Dry January helps people drink less months later
Drinkers who abstain from alcohol during Dry January are still drinking less by August, according to a recent study.
New research from the University of Sussex surveyed more than 800 people who took part in Dry January last year, whereby imbibers ditch the booze for the entire month.
The findings showed that the participants were still drinking less in August. Drinking days fell on average from 4.3 to 3.3 per week, units consumed while drinking dropped on average from 8.6 to 7.1 and the frequency of being drunk fell from 3.4 times per month to 2.1 per month on average.
The research also found that 88% saved money, 80% feel more in control of their drinking and 58% lost weight.
Dry January gained popularity after British charity Alcohol Change UK (formerly Alcohol Concern) promoted it in 2013, and it became a government-backed public health campaign the next year, aimed at improving health.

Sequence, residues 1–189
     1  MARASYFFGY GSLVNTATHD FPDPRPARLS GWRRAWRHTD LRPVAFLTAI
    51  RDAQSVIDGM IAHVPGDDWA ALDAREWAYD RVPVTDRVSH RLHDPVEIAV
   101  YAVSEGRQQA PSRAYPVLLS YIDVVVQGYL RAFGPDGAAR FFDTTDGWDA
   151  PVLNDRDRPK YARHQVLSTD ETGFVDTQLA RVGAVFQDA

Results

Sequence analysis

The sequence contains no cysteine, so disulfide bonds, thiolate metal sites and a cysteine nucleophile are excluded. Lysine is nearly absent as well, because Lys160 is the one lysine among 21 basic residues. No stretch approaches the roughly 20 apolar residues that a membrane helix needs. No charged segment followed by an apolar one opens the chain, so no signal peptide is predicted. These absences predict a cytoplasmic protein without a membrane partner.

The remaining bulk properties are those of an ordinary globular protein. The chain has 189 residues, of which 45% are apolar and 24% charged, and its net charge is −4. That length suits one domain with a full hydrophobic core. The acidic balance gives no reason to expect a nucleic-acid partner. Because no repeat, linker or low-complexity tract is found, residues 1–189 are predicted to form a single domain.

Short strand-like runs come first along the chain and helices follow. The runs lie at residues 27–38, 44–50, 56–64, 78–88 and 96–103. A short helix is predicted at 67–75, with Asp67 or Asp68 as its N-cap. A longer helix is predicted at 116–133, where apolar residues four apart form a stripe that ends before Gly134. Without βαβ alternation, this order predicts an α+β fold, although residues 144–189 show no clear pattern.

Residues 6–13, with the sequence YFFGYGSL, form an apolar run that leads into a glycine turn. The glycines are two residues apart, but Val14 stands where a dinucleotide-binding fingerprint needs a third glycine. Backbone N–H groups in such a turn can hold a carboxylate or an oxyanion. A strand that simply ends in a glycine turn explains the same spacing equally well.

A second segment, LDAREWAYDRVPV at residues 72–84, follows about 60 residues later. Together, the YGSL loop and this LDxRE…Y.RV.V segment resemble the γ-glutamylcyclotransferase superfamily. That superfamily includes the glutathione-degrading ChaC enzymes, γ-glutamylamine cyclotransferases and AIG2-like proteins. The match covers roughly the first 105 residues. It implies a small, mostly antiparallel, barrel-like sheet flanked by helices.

“The simple act of taking a month off alcohol helps people drink less in the long term – by August people are reporting one extra dry day per week,” said Dr Richard de Visser, reader in psychology at the University of Sussex, who led the study.
“There are also considerable immediate benefits: nine in 10 people save money, seven in 10 sleep better and three in five lose weight.
“Interestingly, these changes in alcohol consumption have also been seen in the participants who didn’t manage to stay alcohol-free for the whole month – although they are a bit smaller. This shows that there are real benefits to just trying to complete Dry January.”
A recent You Gov poll undertaken for Alcohol Change UK showed that one in 10 people who drink – an estimated 4.2 million people in the UK – plan to do Dry January this month.
Dr Richard Piper, CEO of Alcohol Change UK, said: “The brilliant thing about Dry January is that it’s not really about January. Being alcohol-free for 31 days shows us that we don’t need alcohol to have fun, to relax, to socialise. That means that for the rest of the year we are better able to make decisions about our drinking, and to avoid slipping into drinking more than we really want to.”